Measure & Manage Your Numbers

You can’t manage what you can’t measure. Some famous business guru – probably Peter Drucker – said that. Phrased more positively, the idea is that you can only manage what you can measure.

With that in mind, I’ve been measuring and tracking a number of my own “numbers”. Yeah yeah, usually this means financial numbers. I do that too, but what I want to talk about here are other numbers. All sorts of numbers.

I have been measuring and tracking my bodyweight and bodyfat percentage for just over 2 months now. I’m seeing improvement, and in addition to my wife’s positive comments, I find this to be a very good way to keep me motivated and to let me know exactly where I stand.

That knowledge of where I stand is important. The way to get to where you want is to know where you want to go, take action, see what difference that has made, adjust, and take action again. Lather, rinse, repeat.

The critical part in there is knowing where you are so that you can see what difference your actions are making (or aren’t making). You need to have some way of measuring in order to do that.

So, what personal numbers am I tracking these days? Well, in addition to the built-in tracking for my bodyfat ultrasound device & software, I have also been using since a good friend introduced me to it. On there I have been tracking for the past week:

  • hours of sleep each night
  • time between waking up and eating breakfast
  • # of PAGG pill doses I take each day (it should be 4, but I forget a dose here and there)
  • bodyweight (because I can measure this more frequently than I can measure my bodyfat … just a matter of time to do it)
  • ml of clear liquid consumed per day
  • portions of protein consumed per day
  • portions of dairy consumed per day
  • portions of carbs consumed per day
  • minutes early/late to my day job
  • minutes early/late leaving my day job

As more things come to me, I’ll add them in and track them.

I also recently ordered a blood pressure monitor that will (a) let me measure my blood pressure and resting heart rate at home, and (b) will automatically upload the data to an online data repository to collect my history. What can I do with that history? I will be able to see long-term trends, and I will have something to give to my doctor at my checkups. Yeah, he’ll do his own reading too, but at least he’ll have this additional info in the future for diagnosis as I get older.

In some cases the absolute value or the short-term trend will tell me something meaningful – and on that meaning take some sort of action. In other cases, the daily (or so) variations won’t give me anything meaningful immediately – it will be the onset of a particular trend or out-of-norm value that will spark some sort of action.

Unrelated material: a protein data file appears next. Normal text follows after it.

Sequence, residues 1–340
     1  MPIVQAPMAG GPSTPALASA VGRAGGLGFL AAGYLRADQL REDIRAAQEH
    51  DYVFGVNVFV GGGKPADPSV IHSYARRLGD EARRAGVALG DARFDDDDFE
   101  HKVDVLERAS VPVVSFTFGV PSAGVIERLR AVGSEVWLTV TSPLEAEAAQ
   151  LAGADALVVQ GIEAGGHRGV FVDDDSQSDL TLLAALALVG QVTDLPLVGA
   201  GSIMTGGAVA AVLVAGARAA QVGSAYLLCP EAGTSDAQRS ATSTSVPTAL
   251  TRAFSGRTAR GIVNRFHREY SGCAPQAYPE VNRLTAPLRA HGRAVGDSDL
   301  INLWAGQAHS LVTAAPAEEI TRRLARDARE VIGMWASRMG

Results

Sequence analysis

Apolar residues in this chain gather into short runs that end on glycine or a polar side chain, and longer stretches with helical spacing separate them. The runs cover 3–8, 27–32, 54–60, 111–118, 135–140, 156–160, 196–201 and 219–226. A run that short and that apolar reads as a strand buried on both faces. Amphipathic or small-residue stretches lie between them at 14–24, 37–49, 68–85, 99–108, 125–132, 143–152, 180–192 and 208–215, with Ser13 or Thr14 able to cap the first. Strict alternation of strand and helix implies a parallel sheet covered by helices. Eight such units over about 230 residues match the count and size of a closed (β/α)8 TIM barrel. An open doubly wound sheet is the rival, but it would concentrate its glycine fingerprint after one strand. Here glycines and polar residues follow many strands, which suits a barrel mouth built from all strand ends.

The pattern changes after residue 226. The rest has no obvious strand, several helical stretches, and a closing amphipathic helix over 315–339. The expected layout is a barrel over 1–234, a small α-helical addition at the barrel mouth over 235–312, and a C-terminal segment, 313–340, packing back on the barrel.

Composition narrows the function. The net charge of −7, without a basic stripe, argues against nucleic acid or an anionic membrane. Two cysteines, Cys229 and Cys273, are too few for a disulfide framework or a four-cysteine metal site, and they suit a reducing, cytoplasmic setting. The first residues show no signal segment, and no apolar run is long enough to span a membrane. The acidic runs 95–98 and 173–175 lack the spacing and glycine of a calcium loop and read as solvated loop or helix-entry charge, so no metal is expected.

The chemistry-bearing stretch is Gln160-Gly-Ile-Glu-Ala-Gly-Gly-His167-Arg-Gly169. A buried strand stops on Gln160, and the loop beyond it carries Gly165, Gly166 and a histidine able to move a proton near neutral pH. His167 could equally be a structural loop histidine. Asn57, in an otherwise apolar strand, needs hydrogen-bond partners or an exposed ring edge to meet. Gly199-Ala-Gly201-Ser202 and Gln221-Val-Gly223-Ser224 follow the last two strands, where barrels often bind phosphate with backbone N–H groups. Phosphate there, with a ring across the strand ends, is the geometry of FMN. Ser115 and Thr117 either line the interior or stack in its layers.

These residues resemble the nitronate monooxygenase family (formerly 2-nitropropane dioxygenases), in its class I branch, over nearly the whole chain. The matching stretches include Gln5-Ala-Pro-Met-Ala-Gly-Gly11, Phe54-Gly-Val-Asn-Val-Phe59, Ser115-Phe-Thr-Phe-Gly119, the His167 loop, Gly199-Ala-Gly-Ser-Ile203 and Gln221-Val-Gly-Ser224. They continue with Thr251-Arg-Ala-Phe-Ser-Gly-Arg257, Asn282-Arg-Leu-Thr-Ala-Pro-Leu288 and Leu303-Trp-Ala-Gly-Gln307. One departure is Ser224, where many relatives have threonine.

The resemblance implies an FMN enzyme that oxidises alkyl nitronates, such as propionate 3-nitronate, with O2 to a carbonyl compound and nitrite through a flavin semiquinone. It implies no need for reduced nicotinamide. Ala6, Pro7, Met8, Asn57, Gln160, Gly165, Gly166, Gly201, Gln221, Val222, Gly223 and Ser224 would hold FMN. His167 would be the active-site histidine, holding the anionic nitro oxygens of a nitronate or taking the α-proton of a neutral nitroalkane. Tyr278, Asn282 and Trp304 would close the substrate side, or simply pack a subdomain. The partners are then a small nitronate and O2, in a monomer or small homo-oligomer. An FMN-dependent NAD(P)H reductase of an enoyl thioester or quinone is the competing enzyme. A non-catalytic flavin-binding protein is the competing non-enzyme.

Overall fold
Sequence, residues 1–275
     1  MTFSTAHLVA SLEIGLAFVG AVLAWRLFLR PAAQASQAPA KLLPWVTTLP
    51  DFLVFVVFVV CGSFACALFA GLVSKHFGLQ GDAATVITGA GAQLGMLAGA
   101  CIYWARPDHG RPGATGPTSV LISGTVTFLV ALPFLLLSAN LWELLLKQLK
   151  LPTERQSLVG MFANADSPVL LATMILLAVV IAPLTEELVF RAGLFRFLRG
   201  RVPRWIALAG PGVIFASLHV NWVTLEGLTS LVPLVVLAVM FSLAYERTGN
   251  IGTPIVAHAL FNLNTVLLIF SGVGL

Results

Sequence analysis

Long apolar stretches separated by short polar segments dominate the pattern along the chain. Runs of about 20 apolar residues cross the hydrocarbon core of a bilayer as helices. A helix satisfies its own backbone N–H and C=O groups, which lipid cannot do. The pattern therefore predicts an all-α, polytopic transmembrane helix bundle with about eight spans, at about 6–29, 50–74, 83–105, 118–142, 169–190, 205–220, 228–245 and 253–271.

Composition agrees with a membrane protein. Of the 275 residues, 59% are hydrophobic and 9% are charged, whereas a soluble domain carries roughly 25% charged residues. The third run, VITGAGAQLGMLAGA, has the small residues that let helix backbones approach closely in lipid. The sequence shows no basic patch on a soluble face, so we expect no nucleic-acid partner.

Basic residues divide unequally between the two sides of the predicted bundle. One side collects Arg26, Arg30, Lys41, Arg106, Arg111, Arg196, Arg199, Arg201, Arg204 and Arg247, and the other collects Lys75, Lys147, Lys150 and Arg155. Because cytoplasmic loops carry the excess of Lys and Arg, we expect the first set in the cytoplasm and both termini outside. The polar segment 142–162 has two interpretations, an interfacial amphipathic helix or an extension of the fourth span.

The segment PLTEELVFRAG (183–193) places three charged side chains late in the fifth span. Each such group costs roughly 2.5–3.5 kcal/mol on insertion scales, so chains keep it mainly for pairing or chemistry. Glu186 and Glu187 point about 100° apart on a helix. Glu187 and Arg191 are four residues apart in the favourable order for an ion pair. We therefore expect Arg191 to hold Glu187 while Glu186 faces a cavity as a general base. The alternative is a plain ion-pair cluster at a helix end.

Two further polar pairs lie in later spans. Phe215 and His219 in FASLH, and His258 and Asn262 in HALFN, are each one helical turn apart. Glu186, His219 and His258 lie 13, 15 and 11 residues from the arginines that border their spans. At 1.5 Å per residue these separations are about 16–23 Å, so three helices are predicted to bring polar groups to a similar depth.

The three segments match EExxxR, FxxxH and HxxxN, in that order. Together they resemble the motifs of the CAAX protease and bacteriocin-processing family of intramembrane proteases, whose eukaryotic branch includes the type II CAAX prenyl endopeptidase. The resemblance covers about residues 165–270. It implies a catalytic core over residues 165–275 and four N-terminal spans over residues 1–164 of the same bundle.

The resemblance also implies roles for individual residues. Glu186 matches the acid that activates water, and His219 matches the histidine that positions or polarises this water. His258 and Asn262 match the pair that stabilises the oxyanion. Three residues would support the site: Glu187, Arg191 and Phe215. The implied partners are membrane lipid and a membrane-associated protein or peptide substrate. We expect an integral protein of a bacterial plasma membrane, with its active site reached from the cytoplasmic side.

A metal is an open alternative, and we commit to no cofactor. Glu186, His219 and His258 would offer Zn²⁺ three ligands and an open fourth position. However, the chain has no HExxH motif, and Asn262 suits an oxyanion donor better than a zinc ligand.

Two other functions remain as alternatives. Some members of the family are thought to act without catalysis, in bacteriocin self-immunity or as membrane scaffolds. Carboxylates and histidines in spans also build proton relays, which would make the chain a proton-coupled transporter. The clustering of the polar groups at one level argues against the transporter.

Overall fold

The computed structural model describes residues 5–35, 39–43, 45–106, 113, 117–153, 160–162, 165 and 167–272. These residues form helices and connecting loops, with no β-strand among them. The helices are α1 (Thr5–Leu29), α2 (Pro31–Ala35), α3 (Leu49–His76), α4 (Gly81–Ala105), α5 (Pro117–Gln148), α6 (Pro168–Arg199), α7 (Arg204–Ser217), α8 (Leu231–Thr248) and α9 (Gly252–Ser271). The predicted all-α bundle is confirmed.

The key thing though is that I will have knowledge about when to take what action and why.

It’s true in all realms and endeavors that you need measurements of some kind to manage things effectively. Yeah, measurements can be qualitative as well as quantitative, but with technology it’s easier to do the quantitative way for a lot of things.

For example, while it is meaningful, it is hard to gauge and remember the degree of emphasis when my grandaunt or my mom tell me I’m fat. It’s a lot easier to measure and record my bodyweight and bodyfat %.

There are two hard parts to all this that no machine or technology can do for you though.

  1. Defining what to measure and record
  2. Defining how often to measure and record

The first is important and difficult because what you measure and record will depend on what it is you want to achieve. What you measure depends on what your goals are, how you aim to achieve them and, to some degree, what kind of knowledge you have about the matter.

The second is important because not every variation is meaningful. There’s noise in any real-world measurement, particularly when it comes to biological systems and living life in a social & natural environment. So it depends on us as individuals to figure out how often to measure so that we get more signal than noise. This is not only because it’s more work to wade through noise noise noise but because negative news impacts us emotionally. Getting hit many times with negative noise will have a strong impact on your psyche even though it actually means nothing.

On that last point, it’s like checking your stock investment portfolio every day. A lot of that movement is meaningless noise, but each time it dips, you feel a bit of emotional pain. Add it up over the years, and you’ll have taken a significant toll for nothing meaningful at all.

I’ll say more about these two difficulties in later posts as I continue on with measuring and monitoring my own numbers.

Let me know if you measure and track anything for yourself and why. I’d like to learn from your experiences and expertise as well!

Until next time, have fun out there and kick ass!

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